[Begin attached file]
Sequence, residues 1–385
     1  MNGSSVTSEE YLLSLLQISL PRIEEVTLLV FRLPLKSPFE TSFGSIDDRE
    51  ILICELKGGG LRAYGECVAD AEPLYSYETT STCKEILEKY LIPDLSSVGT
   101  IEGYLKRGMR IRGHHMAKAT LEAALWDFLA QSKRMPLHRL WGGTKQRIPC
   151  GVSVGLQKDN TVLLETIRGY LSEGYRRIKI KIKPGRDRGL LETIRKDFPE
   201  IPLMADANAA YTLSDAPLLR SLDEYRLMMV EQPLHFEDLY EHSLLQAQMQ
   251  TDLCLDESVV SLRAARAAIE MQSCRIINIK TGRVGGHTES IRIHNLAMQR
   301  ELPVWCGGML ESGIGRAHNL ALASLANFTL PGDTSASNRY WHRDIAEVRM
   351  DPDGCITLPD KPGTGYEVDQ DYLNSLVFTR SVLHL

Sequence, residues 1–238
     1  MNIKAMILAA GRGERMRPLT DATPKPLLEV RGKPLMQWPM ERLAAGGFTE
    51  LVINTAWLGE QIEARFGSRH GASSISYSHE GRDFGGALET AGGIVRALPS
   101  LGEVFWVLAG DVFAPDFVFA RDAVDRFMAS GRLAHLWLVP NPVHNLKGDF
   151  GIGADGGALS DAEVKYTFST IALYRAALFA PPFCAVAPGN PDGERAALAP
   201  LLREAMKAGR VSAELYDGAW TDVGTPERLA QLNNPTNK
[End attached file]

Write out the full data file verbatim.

Sequence, residues 1–385
     1  MNGSSVTSEE YLLSLLQISL PRIEEVTLLV FRLPLKSPFE TSFGSIDDRE
    51  ILICELKGGG LRAYGECVAD AEPLYSYETT STCKEILEKY LIPDLSSVGT
   101  IEGYLKRGMR IRGHHMAKAT LEAALWDFLA QSKRMPLHRL WGGTKQRIPC
   151  GVSVGLQKDN TVLLETIRGY LSEGYRRIKI KIKPGRDRGL LETIRKDFPE
   201  IPLMADANAA YTLSDAPLLR SLDEYRLMMV EQPLHFEDLY EHSLLQAQMQ
   251  TDLCLDESVV SLRAARAAIE MQSCRIINIK TGRVGGHTES IRIHNLAMQR
   301  ELPVWCGGML ESGIGRAHNL ALASLANFTL PGDTSASNRY WHRDIAEVRM
   351  DPDGCITLPD KPGTGYEVDQ DYLNSLVFTR SVLHL

Sequence, residues 1–238
     1  MNIKAMILAA GRGERMRPLT DATPKPLLEV RGKPLMQWPM ERLAAGGFTE
    51  LVINTAWLGE QIEARFGSRH GASSISYSHE GRDFGGALET AGGIVRALPS
   101  LGEVFWVLAG DVFAPDFVFA RDAVDRFMAS GRLAHLWLVP NPVHNLKGDF
   151  GIGADGGALS DAEVKYTFST IALYRAALFA PPFCAVAPGN PDGERAALAP
   201  LLREAMKAGR VSAELYDGAW TDVGTPERLA QLNNPTNK